- Milpa: Due to the drought, the Milpa crop was stunted and not harvestable. However, many of those species were also soil builders so that they will contribute to the regeneration of Rainmaker’s soils.
3. Livestock Incorporation
- Cattle: Rainmaker farm introduced 20 cattle (12 cows, 1 bull, and 7 calves), which will be used to control thatch in the established grassland area. The estimated Residual Dry Matter (RDM; the older dried out plants from past growing seasons) at the start of the grazing was 4000lbs/acre, and these cattle will stay on Rainmaker until the RDM is reduced to 1000lbs/acre. This is using a similar strategy to mob grazing, with short-duration high intensity grazing until the cattle are moved to another pasture. In this case, as we have a comparatively small area that is used for grazing, this is accomplished through collaboration with neighboring farms.
- European Honeybees: Our four honeybee colonies have been thriving. Additionally, we added new queens to improve the stock.
4. Cover Cropping
- Cover cropping is beneficial to regenerative farming in many ways. It protects the soil from erosion. Many species replenish essential nutrients, such as nitrogen, in the soil. The deep roots from native species also help sequester carbon. In Q3 of 2022, our soil building cover crops was going to seed. It was swathed into rows for later burning as part of invasive weed control. The 54 acres of native grass are perennial species and continue to develop, along with the 25 acres of pollinator habitat.
5. Farm Equipment & Supplies
- A few additional supplies were purchased for the third Farm Day activities, for the K-12 students to learn about farming, and assist with planting.
- We have started the process of installing a solar well. In Q3 we met with a well driller onsite and chose a location. A solar well will be crucial for dry years like this one when the creek does not flow above the surface.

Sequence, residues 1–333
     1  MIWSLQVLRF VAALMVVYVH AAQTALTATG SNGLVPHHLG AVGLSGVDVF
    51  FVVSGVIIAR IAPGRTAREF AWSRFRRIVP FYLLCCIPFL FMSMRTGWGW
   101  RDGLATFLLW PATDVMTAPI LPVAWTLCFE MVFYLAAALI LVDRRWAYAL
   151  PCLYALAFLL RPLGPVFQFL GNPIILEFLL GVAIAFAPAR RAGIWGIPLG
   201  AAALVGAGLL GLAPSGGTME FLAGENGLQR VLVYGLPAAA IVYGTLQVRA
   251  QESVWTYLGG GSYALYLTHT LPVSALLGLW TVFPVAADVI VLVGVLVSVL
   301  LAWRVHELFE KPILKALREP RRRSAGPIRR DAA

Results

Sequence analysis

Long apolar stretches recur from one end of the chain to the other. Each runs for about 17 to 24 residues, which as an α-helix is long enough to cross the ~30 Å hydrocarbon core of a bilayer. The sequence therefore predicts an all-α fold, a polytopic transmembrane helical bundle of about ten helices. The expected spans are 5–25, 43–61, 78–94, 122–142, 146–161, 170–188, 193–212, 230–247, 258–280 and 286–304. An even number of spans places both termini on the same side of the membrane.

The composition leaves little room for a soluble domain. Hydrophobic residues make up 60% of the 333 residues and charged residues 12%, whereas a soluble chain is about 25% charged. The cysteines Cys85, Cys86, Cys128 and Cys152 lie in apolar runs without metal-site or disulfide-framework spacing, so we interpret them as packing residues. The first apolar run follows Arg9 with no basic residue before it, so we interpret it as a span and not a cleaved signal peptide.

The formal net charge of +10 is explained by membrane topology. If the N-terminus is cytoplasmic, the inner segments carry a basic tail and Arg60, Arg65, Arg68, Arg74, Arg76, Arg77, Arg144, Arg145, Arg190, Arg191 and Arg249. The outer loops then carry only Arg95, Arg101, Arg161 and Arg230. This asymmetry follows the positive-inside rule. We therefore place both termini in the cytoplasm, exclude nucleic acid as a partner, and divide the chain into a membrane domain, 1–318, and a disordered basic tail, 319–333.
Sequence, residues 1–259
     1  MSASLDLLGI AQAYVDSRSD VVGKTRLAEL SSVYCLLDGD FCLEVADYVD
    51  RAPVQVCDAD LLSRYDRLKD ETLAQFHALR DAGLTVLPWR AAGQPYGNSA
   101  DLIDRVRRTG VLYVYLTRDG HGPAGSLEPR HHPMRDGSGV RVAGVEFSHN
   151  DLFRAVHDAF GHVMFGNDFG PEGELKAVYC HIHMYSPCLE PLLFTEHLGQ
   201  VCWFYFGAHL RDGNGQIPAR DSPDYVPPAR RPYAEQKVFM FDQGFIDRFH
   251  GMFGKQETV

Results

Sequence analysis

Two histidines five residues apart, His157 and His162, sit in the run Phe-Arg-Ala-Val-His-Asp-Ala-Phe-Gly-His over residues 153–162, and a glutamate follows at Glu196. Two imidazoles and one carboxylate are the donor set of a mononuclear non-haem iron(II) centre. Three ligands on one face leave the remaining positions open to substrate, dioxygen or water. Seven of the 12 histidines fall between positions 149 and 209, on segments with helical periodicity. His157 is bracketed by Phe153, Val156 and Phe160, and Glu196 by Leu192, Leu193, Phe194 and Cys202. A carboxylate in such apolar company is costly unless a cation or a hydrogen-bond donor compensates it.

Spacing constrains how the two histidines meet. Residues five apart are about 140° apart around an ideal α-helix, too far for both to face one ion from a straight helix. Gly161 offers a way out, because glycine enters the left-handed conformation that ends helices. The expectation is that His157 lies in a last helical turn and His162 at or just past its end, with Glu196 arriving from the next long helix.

- The fencing around the grassland area was repaired so it can securely hold cattle.
- We now have a large compost bin, which will allow us to compost any food waste onsite to use as soil amendment.
- We built a small barn near the tiny house. This allows us to securely store equipment and supplies onsite, while providing a shady gathering spot for visitors. The barn was already used for the visiting robotics club.
- An additional 12 trees were planted along the border of Rainmaker Farm by the visiting school group.
7. Rainmaker Farm
- There is ongoing monitoring of the barn owl nest boxes Rainmaker Farm is using ecological pest management. Markings on the exterior of the boxes showed some visitors to the boxes. We added wood mulch to encourage nesting.
Targets and Goal Tracking
We are on track to meet our targets and goals.
In Q4, we anticipate:
- Planting cool season crops, including winter wheat and alfalfa.
- Continue to care for the orchard and border trees.
- Starting to prepare the infrastructure for poultry, which will provide natural pest control, fertilizer, and eggs.
- Developing additional water sources (water catchment, solar wells, etc.).
- Continuing our outreach and education efforts.